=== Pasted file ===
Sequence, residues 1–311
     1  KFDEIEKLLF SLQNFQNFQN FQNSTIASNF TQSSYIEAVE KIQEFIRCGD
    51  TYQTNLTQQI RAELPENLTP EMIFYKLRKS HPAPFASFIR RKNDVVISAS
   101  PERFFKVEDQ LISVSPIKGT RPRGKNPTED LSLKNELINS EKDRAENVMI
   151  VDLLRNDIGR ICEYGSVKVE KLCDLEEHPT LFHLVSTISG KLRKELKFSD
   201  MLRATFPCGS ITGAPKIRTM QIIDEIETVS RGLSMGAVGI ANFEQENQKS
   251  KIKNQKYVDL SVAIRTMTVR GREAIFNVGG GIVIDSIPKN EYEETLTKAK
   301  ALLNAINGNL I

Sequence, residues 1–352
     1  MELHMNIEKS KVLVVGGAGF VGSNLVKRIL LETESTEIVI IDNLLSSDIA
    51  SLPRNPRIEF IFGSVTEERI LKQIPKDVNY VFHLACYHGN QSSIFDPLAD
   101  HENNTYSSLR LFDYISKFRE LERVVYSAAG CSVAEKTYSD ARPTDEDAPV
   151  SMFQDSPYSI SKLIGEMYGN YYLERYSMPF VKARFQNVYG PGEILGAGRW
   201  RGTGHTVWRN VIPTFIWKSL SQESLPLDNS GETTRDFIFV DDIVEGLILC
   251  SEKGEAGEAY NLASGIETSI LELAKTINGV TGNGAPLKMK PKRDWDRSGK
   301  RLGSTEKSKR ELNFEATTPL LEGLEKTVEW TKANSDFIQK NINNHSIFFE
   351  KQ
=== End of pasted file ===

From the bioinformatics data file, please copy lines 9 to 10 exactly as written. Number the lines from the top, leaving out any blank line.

Sequence, residues 1–352
     1  MELHMNIEKS KVLVVGGAGF VGSNLVKRIL LETESTEIVI IDNLLSSDIA